Aubrey de Grey, cofounder of the Methuselah Foundation and SENS Research Foundation, has little patience for those people who persist in clinging to the idea that it is in any way acceptable to let the death and suffering caused by aging continue. If we lived in a world in which there was nothing we could do, then perhaps accepting aging would be the sensible thing to do. But we do not. We live in a world in which the first rejuvenation therapies capable of reversing a root cause of aging, the accumulation of senescent cells, are entering human trials. Numerous other classes of potential rejuvenation therapy are well described, well understood, and only lacking sufficient financial support to move forward at the same pace. Aging and all of its consequences can be brought under medical control: all that is needed is the will and the funding to move ahead and get the job done.
Having publicly declared that the first person to live for more than a millennium is likely alive today, de Grey has dedicated large amounts of energy and time to the pursuit of medical technology which may one day allow humans to live indefinitely. Having graduated with a degree in computer science in 1985, de Grey switched fields in his late twenties upon discovering "the horrifying fact that most people, and indeed most biologists, viewed ageing as not very important or interesting." He appears both astonished and disgusted that the world pays so little attention to ageing, the one malady which affects us all.
De Grey defines ageing as "the collection of types of damage that the body does to itself throughout life as consequences of its normal operation." His major breakthrough came through the realisation that rather than attempting to delay the damage inflicted by ageing, as was the established practice, gerontologists could do better by repairing this damage after it has occurred. This idea, though "counterintuitive" to many of his colleagues, has now become "totally mainstream" in the field, and forms the basis of the Strategies for Engineered Negligible Senescence (SENS) Research Foundation which de Grey co-founded in 2009.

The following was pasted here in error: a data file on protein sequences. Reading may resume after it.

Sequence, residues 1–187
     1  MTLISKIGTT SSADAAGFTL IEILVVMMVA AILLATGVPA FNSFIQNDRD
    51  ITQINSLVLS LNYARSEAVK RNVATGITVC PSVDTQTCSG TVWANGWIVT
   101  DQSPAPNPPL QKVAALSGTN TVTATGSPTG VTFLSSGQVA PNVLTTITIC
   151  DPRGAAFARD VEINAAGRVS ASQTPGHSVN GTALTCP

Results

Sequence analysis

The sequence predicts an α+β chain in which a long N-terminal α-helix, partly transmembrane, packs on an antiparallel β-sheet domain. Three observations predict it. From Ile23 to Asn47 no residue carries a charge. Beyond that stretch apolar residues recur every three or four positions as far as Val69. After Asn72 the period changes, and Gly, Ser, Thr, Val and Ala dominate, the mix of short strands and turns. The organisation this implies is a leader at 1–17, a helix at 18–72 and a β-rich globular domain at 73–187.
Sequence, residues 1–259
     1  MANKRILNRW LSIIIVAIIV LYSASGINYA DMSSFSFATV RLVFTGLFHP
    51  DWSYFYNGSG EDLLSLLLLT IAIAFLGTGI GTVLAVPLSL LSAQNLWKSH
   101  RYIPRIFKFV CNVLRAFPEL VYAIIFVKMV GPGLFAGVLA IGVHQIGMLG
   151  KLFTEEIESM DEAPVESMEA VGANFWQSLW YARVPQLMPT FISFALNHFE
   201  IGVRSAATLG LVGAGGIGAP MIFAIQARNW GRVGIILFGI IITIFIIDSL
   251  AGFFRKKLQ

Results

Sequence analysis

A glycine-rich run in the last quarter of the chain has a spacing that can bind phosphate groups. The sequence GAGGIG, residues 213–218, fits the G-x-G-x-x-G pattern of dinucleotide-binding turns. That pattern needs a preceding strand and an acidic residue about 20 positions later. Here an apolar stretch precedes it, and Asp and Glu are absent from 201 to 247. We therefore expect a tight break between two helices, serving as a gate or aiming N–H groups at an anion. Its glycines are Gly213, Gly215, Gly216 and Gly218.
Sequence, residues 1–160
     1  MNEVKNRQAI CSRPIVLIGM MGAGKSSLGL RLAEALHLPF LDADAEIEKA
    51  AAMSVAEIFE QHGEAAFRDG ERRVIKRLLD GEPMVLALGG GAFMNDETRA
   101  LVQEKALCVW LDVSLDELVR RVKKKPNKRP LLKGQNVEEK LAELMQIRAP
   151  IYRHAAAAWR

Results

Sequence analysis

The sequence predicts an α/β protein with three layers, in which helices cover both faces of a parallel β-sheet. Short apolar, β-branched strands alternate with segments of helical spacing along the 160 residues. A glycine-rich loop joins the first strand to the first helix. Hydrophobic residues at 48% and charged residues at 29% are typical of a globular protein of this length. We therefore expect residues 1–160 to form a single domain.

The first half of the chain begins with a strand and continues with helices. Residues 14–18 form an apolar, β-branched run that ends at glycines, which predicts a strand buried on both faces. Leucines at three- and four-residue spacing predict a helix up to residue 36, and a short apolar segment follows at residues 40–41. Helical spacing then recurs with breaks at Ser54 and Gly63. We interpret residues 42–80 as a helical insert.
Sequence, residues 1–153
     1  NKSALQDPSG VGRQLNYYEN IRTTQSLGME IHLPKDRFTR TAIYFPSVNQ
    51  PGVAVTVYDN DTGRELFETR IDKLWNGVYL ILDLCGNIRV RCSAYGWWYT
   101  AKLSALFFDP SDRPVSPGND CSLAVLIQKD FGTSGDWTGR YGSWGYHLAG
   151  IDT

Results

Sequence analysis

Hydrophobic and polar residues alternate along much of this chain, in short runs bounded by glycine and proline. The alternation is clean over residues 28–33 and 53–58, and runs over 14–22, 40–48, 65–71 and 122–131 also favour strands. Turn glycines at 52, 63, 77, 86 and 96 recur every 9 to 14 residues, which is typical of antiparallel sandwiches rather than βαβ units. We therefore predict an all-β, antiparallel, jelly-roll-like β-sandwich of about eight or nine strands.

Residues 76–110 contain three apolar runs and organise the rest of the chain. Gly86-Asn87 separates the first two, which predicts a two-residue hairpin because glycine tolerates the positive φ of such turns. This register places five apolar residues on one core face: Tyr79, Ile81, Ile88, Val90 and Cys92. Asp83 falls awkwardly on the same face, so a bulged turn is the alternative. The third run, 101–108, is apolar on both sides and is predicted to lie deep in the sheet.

Speaking of the work taking place at SENS, and around the world, de Grey proudly declares that there have been "huge advances" in implementing his theory of damage repair. "Among the most high-profile is the ability to remove senescent cells using certain drugs, but there's a lot more that is more esoteric, such as making backup copies of the mitochondrial DNA in the nucleus and introducing bacterial enzymes to eliminate otherwise indigestible waste products." Asked about the biggest barriers currently facing progress, de Grey replies: "Money, money and money." He blames the field's financial struggles on "the desperation that almost all people have to put ageing out of their minds and pretend that it is some kind of blessing in disguise, so that they can get on with their miserably short lives without being preoccupied by the terrible thing that awaits them." According to de Grey, this attitude is "psychologically understandable but morally inexcusable".
De Grey rejects criticism of his field as "unnatural", citing this challenge as another "great example of the desperation of so many people to switch off their brains when confronted with the need to discuss the defeat of ageing." Towards those who make the "unnatural" claim, de Grey is both indignant and dismissive: "It takes about ten IQ points and ten milliseconds to notice that the whole of technology is 'unnatural' - including, of course, the whole of medicine - endeavours that those who voice this objection do not tend to oppose."
Morally, de Grey does not have any doubts about the quest to extend life: "For something to be an ethical issue it has to be a meaningful dilemma and in order to make that case one must make the case either that people who were born a long time ago have less entitlement to health, as a human right, than younger people, or that health itself is a lesser human right than other things that might end up being mutually exclusive with it, like parenthood. Once one focuses on the fact that this is just medicine, that any longevity effects would be just side-effects of health, the 'ethics' of the matter rather rapidly vaporises."